When I used jQuery to set the width and height of the Canvas, jQuery did it via CSS. It turns out that when working with the HTML5 Canvas element, that doesn't really work. The width and height attribute of the canvas element specify the size, and the CSS width and height specify the zoom levels. So, let's say I have a canvas element with a width and height attribute of 500px each. If I use jQuery to set the width and height css values to 600 and 700, the canvas doesn't actually resize, but the viewport does. This causes the images to appear out of focus. It took a while for me to figure this out since it isn't technically an error, and isn't reported. A lot of solutions I found online didn't cover all uses cases either. I was finally able to figure out the correct function to use -- this ended up being the problem I spent the most time on (with the exclusion of abstracting shapes into a custom class).

$(document).ready(function() {
// Get the canvas & context
var c = $("canvas")
//Run function when browser resizes
function respondCanvas() {
var pp = parseFloat(
.replace("px", "")
var tp = parseFloat(
.replace("px", "")
var w = $(window).width() - $("#panel").width() - 2 * pp
var h = $(window).height() - $("#title").height() - 2 * tp
c.attr("width", w)
c.attr("height", h)
gl.viewportWidth = w
gl.viewportHeight = h
//Initial call

By explicitly setting both the width and height attributes and css values to be the same, resetting the WebGL viewport, and redrawing the scene on the website load and resize events, we can ensure that the canvas and viewport are correct. If you wanted to use this for a fullscreen application, you would set w and h to just equal the window width and height respectively.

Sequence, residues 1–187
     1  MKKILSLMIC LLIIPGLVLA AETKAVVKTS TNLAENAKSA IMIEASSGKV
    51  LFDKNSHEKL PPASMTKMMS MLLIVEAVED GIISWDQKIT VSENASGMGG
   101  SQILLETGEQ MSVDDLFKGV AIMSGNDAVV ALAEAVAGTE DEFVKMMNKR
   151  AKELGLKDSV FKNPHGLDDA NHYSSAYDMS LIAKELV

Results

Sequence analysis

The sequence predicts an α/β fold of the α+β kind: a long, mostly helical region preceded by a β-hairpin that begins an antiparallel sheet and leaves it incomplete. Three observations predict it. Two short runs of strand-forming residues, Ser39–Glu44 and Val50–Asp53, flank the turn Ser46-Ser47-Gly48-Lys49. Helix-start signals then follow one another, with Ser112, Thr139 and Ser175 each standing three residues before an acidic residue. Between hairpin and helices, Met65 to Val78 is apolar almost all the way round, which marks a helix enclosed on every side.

Areas of Future Work

If I had more time, I would definitely add additional shapes, Phong shading, and mouse controls. With the exception of the canvas, I spent most of my time just getting the server and client to sync up correctly, and didn't have time to implement a lot of functionality beyond the basic shapes and transformations. Being able to drag a shape with a mouse, use the virtual trackball to rotation a shape, and similar functionality is an obvious area of future work.

I'd also probably make it so only one user can edit a shape at once, in order to prevent weird sync issues when using the mouse. This would also open up the ability for a "delete shape" command, since there would no longer sync issues if a user deletes a shape someone is currently modifying.


You can find the source code for this project on GitHub